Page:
Ampere: Facebook video viewing dips as Netflix and Amazon rise

The proportion of European and US internet users viewing videos on Facebook has declined from 28% to 23% since Q3 2016, according to Ampere Analysis’ latest Barometer of online video trends.

Netflix viewers have increased from 22% to 37% of internet users over the same period, while Amazon viewers have increased by nine percentage points.

According to Ampere, Netflix overtook Facebook as the second most viewed online video service in the US and Europe in Q3 2017 and has extended its lead since.

While YouTube also recorded a slight decline in the US and Europe over the same period, from 70% to 66%, the Google video sharing site remains the service on which internet users are most likely to have watched a video, with the highest reach in all countries surveyed except the UK and China.

In the UK, BBC iPlayer has the greatest reach, while China’s iQiYi has the greatest reach in that market.

Over six in 10 users in each country surveyed with the exception of the UK, Japan and France viewed a YouTube video over the last month.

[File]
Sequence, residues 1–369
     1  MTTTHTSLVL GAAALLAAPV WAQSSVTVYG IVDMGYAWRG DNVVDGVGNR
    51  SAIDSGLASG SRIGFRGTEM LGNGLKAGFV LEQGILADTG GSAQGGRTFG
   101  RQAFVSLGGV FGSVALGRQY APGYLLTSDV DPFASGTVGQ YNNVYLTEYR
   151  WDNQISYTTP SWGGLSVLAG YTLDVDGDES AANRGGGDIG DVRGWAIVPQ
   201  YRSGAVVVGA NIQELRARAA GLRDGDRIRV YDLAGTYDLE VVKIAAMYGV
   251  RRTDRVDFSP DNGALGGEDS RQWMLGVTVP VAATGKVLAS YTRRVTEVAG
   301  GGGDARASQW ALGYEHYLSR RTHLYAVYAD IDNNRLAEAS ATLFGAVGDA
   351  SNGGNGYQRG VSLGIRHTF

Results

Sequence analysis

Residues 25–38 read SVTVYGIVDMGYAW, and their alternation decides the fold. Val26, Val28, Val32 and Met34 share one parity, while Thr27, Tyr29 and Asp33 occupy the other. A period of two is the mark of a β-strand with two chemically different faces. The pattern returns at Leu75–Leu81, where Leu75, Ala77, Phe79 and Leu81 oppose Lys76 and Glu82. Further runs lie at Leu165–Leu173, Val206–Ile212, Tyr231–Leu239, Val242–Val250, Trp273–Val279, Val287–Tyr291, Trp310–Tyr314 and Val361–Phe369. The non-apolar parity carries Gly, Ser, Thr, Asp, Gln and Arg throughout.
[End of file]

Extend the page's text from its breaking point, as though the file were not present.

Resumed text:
YouTube attracted the highest proportion of internet users in South Africa, at 81%, followed by Italy and Spain, and was least popular in the UK, where it was viewed by only 49%, out of 14 countries surveyed.

Other findings include that catch-up viewing is more popular in Europe than in the US, while SVOD viewership is higher in the US than in Europe.

Some 41% of European viewers reported watching catch-up TV in the last month, compared with only 13% of US viewers.

By contrast, 64% of US viewers had watched an SVOD service compared with only 50% of Europeans.

US internet users were marginally more likely to view social video, with 73% viewing a video on a social network compared with 69% of Europeans.

Minal Modha, consumer research lead at Ampere Analysis said: “YouTube’s global dominance in this space is evident in its monthly usage. The differences in viewing between the USA and Europe in relation to catch up and SVOD services is interesting because it shows that SVOD providers will have to work harder in Europe to grow their share as they take on traditional TV channels’ catch up services. This could be through their catalogue, price-points or communications strategy.”

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